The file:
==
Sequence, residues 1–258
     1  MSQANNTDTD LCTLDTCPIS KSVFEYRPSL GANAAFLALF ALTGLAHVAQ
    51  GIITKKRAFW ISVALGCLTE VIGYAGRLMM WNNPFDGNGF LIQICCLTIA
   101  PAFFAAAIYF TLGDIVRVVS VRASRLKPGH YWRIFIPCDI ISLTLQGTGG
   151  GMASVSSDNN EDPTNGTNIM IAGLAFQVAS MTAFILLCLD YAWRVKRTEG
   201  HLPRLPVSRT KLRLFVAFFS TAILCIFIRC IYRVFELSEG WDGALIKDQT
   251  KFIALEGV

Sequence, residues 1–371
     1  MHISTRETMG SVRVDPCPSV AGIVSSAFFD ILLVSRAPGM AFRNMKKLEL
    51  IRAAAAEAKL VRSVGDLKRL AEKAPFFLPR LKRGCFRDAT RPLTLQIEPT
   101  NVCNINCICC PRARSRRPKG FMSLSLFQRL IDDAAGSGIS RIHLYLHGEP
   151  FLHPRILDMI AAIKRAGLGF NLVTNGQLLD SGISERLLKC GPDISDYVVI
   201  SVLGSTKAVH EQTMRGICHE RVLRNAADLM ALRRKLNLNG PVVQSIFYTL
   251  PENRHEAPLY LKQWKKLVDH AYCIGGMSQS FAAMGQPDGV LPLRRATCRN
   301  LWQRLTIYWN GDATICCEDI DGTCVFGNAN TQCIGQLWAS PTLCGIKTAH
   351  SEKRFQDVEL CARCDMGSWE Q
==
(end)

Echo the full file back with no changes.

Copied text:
Sequence, residues 1–258
     1  MSQANNTDTD LCTLDTCPIS KSVFEYRPSL GANAAFLALF ALTGLAHVAQ
    51  GIITKKRAFW ISVALGCLTE VIGYAGRLMM WNNPFDGNGF LIQICCLTIA
   101  PAFFAAAIYF TLGDIVRVVS VRASRLKPGH YWRIFIPCDI ISLTLQGTGG
   151  GMASVSSDNN EDPTNGTNIM IAGLAFQVAS MTAFILLCLD YAWRVKRTEG
   201  HLPRLPVSRT KLRLFVAFFS TAILCIFIRC IYRVFELSEG WDGALIKDQT
   251  KFIALEGV

Sequence, residues 1–371
     1  MHISTRETMG SVRVDPCPSV AGIVSSAFFD ILLVSRAPGM AFRNMKKLEL
    51  IRAAAAEAKL VRSVGDLKRL AEKAPFFLPR LKRGCFRDAT RPLTLQIEPT
   101  NVCNINCICC PRARSRRPKG FMSLSLFQRL IDDAAGSGIS RIHLYLHGEP
   151  FLHPRILDMI AAIKRAGLGF NLVTNGQLLD SGISERLLKC GPDISDYVVI
   201  SVLGSTKAVH EQTMRGICHE RVLRNAADLM ALRRKLNLNG PVVQSIFYTL
   251  PENRHEAPLY LKQWKKLVDH AYCIGGMSQS FAAMGQPDGV LPLRRATCRN
   301  LWQRLTIYWN GDATICCEDI DGTCVFGNAN TQCIGQLWAS PTLCGIKTAH
   351  SEKRFQDVEL CARCDMGSWE Q